Examples of sbatch commands

We have now completely transitioned to the Slurm scheduler, running on fortyfour.ibest.uidaho.edu (and fortyfive.ibest.uidaho.edu). Slurm is better equiped to deal with our now more heterogenious node environment, and provides additional fault tolerance. The old head node, fortythree.ibest.uidaho.edu, is no longer available.

Example scripts are provided for both slurm and the older PBS/torque to assist users in transitioning from PBS/Torque to slurm. For more of a walkthrough on cluster usage - see this workshop documentation.

A submission script that echoes the obligatory ‘Hello World’

Works with both PBS and slurm

 #!/bin/bash
 echo "Hello World! From $HOSTNAME"

Output

A submission script that sleeps for 1 second 30 times while printing out the count to both stderr and stdout.

By default, Slurm combines the standard output and standard error streams, so for this example, we need to split them.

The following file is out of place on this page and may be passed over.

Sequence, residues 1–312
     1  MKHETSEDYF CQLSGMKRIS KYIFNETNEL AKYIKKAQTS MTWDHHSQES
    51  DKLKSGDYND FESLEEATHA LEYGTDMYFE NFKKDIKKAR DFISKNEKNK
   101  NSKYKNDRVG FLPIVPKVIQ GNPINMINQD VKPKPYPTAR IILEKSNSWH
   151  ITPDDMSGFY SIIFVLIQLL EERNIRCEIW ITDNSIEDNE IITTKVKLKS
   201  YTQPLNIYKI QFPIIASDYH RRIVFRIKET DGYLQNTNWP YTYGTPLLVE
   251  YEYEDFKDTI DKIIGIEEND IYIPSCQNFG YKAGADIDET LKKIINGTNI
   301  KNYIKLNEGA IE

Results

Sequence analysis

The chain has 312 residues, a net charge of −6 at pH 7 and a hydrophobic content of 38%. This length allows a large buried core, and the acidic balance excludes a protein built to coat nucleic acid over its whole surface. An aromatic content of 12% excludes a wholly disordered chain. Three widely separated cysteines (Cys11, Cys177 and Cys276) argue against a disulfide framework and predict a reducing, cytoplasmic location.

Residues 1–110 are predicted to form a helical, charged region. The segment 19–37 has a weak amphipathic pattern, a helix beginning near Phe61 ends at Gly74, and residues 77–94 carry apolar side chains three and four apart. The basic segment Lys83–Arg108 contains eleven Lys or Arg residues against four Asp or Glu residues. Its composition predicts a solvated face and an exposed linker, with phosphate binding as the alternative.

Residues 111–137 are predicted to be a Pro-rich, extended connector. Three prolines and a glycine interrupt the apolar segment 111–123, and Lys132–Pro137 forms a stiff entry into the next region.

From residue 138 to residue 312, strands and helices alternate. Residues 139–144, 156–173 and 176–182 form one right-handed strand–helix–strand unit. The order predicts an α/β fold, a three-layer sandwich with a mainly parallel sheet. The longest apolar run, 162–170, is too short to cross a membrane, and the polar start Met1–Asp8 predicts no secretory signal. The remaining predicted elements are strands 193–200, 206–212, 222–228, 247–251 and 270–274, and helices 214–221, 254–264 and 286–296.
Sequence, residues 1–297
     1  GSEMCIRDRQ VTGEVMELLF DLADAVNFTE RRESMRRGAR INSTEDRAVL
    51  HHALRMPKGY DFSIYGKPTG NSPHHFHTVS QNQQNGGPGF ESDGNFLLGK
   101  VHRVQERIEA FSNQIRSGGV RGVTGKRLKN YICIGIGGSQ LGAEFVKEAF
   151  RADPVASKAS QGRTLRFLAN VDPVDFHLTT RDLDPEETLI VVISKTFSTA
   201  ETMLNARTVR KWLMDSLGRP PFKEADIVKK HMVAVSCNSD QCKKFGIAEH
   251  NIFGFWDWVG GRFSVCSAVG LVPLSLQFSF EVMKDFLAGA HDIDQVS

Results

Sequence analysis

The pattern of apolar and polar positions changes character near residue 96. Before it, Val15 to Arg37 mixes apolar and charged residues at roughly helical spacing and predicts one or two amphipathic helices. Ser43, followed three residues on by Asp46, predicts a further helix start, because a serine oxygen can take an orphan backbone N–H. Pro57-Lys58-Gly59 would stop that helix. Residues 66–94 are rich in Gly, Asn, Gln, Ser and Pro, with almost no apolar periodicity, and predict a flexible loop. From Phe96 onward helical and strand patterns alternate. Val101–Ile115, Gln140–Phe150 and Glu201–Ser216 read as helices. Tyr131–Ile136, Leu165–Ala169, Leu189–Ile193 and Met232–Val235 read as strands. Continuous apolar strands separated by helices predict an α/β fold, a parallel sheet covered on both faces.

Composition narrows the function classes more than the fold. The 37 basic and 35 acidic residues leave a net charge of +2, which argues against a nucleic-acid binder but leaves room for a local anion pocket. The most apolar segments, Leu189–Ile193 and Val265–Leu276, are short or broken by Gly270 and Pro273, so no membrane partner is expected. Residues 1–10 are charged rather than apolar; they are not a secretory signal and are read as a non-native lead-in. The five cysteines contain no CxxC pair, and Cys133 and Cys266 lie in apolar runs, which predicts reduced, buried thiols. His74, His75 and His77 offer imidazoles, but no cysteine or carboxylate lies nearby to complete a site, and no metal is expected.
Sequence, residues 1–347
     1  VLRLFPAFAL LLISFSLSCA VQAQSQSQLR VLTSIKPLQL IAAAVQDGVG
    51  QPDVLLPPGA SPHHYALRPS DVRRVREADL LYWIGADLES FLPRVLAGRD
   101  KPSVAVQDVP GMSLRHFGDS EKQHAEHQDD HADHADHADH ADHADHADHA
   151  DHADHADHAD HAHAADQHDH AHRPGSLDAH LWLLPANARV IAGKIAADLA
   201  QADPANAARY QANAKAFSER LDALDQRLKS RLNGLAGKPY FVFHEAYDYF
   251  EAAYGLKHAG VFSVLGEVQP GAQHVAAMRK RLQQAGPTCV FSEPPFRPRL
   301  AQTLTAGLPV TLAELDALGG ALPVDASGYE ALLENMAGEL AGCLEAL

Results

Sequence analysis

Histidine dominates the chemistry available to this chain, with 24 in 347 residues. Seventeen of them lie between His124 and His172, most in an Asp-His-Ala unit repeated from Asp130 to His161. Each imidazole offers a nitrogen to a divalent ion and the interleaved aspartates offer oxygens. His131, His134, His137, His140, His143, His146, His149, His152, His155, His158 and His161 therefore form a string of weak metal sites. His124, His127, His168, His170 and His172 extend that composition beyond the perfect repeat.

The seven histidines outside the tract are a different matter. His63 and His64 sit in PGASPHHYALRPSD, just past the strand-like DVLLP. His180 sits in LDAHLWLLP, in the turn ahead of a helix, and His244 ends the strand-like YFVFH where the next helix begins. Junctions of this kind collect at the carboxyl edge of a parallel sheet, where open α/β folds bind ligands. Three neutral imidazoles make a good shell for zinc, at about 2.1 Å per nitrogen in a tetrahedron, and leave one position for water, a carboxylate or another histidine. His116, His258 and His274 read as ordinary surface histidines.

#!/bin/bash
#SBATCH -o stdout.out
#SBATCH -e stderr.out
for i in `seq 1 30` ; do
     echo "Hello from stdout on $HOSTNAME: $i"
     echo "Hello from stderr on $HOSTNAME: $i" 1>&2
     sleep 1
done

PBS

 #!/bin/bash
 for i in `seq 1 30` ; do
      echo "Hello from stdout on $HOSTNAME: $i"
      echo "Hello from stderr on $HOSTNAME: $i" 1>&2
      sleep 1
 done

Requesting resources

We have a heterogeneous node environment, with several different types of nodes:

Nodes Count Cores RAM Other
n001-3,n010-15,n020-7,n031-37,n054-60~30 8 32G
n005-9 5 24 80G
n018-19,n038,n053 4 16 96G
n004,n016 2 32 192G
n028-030 3 48 512G
n039-052 14 40 256G
n061 1 4 48G
n063,n064 2 16 48G
n065-066 2 40 32G 4 NVIDIA Tesla K80 GPUs, IMCI use only
n067-069 2 48 192G
n070-101 32 16 128G
n102,n103 2 32 128G
n104 1 8 64G 1 NVIDIA 1080Ti GPU
n105,110-113 6 16 128G 2 NVIDIA 1080Ti GPU